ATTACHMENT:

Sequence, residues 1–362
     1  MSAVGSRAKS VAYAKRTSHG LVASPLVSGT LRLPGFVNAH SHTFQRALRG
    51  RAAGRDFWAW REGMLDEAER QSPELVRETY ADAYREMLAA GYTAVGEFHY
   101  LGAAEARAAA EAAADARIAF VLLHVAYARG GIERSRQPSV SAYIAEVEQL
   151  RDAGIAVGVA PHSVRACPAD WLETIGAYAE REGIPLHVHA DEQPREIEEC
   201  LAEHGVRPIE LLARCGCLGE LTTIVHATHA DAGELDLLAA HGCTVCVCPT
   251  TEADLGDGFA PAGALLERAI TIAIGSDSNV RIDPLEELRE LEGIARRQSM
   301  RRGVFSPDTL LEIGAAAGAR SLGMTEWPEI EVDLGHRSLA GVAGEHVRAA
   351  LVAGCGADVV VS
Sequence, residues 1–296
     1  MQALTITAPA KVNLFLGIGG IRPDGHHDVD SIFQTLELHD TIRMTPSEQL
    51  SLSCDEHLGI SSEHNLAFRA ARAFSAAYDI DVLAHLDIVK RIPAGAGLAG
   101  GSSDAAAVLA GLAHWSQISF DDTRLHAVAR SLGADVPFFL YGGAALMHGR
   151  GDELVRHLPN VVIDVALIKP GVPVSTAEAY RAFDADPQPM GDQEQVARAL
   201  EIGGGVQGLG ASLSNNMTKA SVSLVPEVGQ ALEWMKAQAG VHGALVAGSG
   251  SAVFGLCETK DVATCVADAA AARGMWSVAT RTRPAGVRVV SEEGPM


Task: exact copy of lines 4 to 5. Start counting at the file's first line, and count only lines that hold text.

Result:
   101  LGAAEARAAA EAAADARIAF VLLHVAYARG GIERSRQPSV SAYIAEVEQL
   151  RDAGIAVGVA PHSVRACPAD WLETIGAYAE REGIPLHVHA DEQPREIEEC